Wednesday Sep 20

Olivia-Johnson Olivia Johnson currently resides in Tallahassee and is a third year M.F.A. student in poetry at Florida State University. She is originally from Ohio.
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In Your Garage
 
 
You’ve been crying. I’ve tucked worry into my knees
            like an uneven hemline on an otherwise perfect party dress. 
                        We can’t help each other out with wine or cigarettes –
            loss continues to hang itself like a holy ghost between us. 
 
Nine hours north your parents’ house sinks its foundation
            into the red Nebraska dirt. They’re skipping Easter,
                        your father making some excuse about feeling warm,
            thinking he should see a doctor. The same, sorry static. 
 
No pastel card or golden chocolate coin arrived in the mail,
            no sign from God that you need to turn thirteen again,
                        to curse them into tiny figurines, manageable, smaller
            than the ash that slips from the tip of your cigarette.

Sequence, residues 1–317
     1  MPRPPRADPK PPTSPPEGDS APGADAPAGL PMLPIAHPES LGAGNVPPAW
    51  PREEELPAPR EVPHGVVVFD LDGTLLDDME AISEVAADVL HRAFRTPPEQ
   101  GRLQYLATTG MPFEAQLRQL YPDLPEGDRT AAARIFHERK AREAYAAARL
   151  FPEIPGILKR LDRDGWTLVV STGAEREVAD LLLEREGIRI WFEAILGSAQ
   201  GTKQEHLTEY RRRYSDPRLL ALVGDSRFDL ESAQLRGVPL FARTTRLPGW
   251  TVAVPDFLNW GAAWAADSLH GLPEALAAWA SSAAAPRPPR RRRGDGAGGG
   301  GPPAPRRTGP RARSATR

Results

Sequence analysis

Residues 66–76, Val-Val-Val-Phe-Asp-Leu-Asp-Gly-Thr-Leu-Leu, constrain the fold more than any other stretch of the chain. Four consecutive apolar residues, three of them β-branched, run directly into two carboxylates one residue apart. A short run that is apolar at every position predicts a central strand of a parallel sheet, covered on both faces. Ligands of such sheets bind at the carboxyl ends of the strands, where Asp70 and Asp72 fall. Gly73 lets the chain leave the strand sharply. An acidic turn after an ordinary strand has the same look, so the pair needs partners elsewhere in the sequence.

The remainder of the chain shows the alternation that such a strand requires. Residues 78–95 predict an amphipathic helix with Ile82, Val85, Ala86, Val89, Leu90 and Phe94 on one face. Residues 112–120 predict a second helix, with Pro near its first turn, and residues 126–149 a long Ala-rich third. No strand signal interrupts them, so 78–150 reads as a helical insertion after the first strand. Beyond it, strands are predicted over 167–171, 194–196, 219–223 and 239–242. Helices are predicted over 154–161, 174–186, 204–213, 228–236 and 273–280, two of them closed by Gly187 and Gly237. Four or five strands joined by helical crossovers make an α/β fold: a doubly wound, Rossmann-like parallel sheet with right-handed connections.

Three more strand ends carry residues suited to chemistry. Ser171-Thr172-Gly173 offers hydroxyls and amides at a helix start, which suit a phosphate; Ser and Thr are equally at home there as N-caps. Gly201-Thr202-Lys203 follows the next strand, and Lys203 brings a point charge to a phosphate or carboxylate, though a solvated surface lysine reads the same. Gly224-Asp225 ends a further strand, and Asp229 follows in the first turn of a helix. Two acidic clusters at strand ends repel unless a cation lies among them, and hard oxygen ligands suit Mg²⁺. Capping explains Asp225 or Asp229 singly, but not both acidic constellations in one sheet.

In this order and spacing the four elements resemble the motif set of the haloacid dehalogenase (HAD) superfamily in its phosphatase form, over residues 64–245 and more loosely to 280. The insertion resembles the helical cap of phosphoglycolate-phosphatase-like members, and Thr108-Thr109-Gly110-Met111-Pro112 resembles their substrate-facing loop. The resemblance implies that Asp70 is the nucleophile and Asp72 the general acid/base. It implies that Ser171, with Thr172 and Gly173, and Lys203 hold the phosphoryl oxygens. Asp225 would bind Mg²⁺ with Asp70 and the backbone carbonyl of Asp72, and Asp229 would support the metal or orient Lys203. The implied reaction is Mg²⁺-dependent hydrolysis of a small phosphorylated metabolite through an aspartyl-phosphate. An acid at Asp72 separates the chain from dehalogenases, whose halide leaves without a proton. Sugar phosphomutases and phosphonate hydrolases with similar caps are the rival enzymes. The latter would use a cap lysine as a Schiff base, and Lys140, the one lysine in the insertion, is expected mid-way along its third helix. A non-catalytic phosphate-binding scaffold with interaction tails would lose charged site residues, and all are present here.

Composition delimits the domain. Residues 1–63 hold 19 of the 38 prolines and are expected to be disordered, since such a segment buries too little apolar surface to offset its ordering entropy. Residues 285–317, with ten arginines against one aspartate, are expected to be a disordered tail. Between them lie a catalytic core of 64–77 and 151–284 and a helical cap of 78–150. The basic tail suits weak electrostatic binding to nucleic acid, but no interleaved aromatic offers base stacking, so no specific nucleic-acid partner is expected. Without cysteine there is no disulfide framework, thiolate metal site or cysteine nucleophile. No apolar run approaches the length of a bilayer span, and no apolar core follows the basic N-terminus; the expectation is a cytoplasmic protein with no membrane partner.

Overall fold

But there is family among these slack-jawed orange trees.
            Though you refuse the beach because you can’t
                        hear what’s coming between thedunes, you may learn to love
            the sand for the century-old grit it will plant between your toes.
 
Think of the way your boy’s eyes will brighten when you pour
            godless granules into a two dollar water bottle and place it
                        on his bookshelf. See how each grain replicates itself
            like a fucked-up mirror? We all have our club-feet, our varicose veins. 
 
Think of your mother, loving you from outside
            of her womb, the dark settling into her shoulders
                        like an immovable shawl. Her hands look nothing
            like yours, her lips twist into a convex diagram of birth.   
 
Packing boxes have been stacked like brown sardines
            along the walls of your garage for months. But somehow,
                        we always find ourselves forgiving your lover’s lazy streak, 
            because we know our love languages too well.